Also notable is the continued move toward green manufacturing practices. Manufacturers are using eco-friendly or recycled fibers for carpet to reduce environmental impact. Carpet pads are also changing, loose fiber is being replaced by high-quality rubbers that last for years to come.

Bamboo
Bamboo flooring is by no means new, but its unique colors and styles that again have trendsetters talking. The jungle “grass”, once dried, can be as hard, if not harder than traditional hardwoods, like oak and cherry. Technology advances have also made the wide-plank varieties available. However, it’s prone to moisture and not recommended for bathrooms, laundry rooms or other potentially damp spaces.

Laminate
Laminate is often thought of as the “wannabe wood”—constructed of four layers of material fused together to mimic wood. The benefit to laminate is that it’s much more cost effective than the real thing. In fact, even distressed-looking laminate can mimic reclaimed wood, often much less expensively. It is also available in the wide-plank variety and can even be laid in any pattern including herringbone, chevron or subway patterns. The best part? The locking planks are easy for DIYers to install themselves.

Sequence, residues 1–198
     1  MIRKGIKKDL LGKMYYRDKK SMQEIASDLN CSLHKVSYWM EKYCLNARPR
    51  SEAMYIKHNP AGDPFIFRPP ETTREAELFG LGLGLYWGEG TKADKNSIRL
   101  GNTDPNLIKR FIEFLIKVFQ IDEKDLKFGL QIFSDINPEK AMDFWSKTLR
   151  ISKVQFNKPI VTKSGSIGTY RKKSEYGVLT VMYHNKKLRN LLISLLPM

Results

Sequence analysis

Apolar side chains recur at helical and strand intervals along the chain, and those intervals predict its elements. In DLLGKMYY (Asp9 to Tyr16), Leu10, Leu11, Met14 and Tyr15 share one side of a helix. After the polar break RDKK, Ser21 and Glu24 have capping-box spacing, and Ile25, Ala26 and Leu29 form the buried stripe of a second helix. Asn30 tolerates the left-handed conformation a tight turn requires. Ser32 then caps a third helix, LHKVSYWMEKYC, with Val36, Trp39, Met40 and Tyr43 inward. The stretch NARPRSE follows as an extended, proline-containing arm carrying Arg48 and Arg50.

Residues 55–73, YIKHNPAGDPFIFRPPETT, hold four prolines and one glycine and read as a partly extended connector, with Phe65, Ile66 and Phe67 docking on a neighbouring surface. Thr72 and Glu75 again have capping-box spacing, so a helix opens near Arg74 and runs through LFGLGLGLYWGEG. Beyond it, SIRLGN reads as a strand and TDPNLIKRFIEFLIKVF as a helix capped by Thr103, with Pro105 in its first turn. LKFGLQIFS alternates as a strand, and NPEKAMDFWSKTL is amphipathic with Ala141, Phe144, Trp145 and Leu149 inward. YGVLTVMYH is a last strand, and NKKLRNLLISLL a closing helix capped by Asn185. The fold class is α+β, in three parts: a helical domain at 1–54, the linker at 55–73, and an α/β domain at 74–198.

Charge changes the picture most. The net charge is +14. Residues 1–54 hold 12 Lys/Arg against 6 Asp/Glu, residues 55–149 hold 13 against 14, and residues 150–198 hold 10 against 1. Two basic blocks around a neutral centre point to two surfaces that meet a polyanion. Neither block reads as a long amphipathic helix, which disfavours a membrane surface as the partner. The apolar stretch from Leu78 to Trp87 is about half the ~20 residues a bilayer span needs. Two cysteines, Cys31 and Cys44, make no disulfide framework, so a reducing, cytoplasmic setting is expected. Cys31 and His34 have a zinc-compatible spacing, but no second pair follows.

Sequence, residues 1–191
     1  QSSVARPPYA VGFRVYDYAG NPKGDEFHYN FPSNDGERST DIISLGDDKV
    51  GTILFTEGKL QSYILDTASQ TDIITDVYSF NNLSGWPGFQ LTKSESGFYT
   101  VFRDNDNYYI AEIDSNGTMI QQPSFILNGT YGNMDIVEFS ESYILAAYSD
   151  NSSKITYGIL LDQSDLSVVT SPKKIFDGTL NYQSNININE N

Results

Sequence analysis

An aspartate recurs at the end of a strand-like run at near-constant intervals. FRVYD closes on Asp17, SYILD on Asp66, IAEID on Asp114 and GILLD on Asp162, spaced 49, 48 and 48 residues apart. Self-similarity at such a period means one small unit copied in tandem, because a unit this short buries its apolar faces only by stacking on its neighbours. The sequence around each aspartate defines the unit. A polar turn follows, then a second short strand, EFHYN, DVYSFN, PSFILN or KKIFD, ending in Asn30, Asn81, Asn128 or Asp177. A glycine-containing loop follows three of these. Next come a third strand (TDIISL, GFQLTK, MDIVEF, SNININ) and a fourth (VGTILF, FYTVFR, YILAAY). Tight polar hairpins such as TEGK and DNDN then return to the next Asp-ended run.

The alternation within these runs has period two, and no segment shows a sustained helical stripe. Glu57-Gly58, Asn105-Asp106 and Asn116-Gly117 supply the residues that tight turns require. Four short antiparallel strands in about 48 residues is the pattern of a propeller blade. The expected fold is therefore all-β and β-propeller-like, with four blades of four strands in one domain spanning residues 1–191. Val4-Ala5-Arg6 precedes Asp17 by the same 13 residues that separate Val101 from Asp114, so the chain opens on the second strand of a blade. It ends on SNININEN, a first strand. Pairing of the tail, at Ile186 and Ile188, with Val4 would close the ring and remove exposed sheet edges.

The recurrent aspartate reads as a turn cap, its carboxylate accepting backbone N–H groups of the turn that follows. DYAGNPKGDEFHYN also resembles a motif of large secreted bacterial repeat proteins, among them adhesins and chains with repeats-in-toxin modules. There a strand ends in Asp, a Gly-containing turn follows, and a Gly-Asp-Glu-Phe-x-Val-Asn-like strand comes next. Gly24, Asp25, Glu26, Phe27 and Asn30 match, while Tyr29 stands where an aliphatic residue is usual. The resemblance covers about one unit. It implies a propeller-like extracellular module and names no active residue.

Tile
In tile, the motto is the bigger, the better. Trendsetters have done away with the typical four-inch by four-inch stones. In their place, large format tiles are making a breakthrough, ranging in size from 12 by 12-inch up to 36 by 36 inches. But builders caution DIY installation; these tiles are much heavier than their ancestors, often requiring a professional’s expertise.

Just like smaller tile sizes varieties, the assortment of shapes, textures and colors allow homeowners to create unlimited and unique patterns in their home.

Cork
If comfort is the number one priority, cork may be a better option than hardwood floors. Due to its makeup, the fiber is softer and more comfortable to walk on. It also has acoustic properties that make it perfect for homes filled with musicians. Though it’s more durable with quality finishes today, just like a wine cork swells with moisture, cork floors are not immune to moisture or sun damage.

Luxury Vinyl